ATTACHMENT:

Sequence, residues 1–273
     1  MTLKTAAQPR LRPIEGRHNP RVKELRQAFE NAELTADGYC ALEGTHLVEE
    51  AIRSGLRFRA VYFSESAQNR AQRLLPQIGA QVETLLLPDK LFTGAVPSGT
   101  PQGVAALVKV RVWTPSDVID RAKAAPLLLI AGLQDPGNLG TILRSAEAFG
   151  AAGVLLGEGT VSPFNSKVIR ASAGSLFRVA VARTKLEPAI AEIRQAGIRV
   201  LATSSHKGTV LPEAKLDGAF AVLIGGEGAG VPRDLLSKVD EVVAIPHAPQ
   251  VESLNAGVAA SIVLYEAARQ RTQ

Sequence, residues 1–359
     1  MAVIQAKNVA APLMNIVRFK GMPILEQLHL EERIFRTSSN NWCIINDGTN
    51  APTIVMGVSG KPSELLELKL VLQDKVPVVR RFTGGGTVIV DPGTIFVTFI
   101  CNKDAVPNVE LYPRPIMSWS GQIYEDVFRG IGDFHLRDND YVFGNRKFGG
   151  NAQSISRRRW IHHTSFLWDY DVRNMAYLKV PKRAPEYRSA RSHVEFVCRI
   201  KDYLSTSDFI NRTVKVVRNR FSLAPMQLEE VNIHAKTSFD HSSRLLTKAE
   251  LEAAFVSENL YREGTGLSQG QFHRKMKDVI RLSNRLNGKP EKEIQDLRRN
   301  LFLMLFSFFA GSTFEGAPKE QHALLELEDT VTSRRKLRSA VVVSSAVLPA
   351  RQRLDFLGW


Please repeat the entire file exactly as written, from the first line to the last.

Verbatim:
Sequence, residues 1–273
     1  MTLKTAAQPR LRPIEGRHNP RVKELRQAFE NAELTADGYC ALEGTHLVEE
    51  AIRSGLRFRA VYFSESAQNR AQRLLPQIGA QVETLLLPDK LFTGAVPSGT
   101  PQGVAALVKV RVWTPSDVID RAKAAPLLLI AGLQDPGNLG TILRSAEAFG
   151  AAGVLLGEGT VSPFNSKVIR ASAGSLFRVA VARTKLEPAI AEIRQAGIRV
   201  LATSSHKGTV LPEAKLDGAF AVLIGGEGAG VPRDLLSKVD EVVAIPHAPQ
   251  VESLNAGVAA SIVLYEAARQ RTQ

Sequence, residues 1–359
     1  MAVIQAKNVA APLMNIVRFK GMPILEQLHL EERIFRTSSN NWCIINDGTN
    51  APTIVMGVSG KPSELLELKL VLQDKVPVVR RFTGGGTVIV DPGTIFVTFI
   101  CNKDAVPNVE LYPRPIMSWS GQIYEDVFRG IGDFHLRDND YVFGNRKFGG
   151  NAQSISRRRW IHHTSFLWDY DVRNMAYLKV PKRAPEYRSA RSHVEFVCRI
   201  KDYLSTSDFI NRTVKVVRNR FSLAPMQLEE VNIHAKTSFD HSSRLLTKAE
   251  LEAAFVSENL YREGTGLSQG QFHRKMKDVI RLSNRLNGKP EKEIQDLRRN
   301  LFLMLFSFFA GSTFEGAPKE QHALLELEDT VTSRRKLRSA VVVSSAVLPA
   351  RQRLDFLGW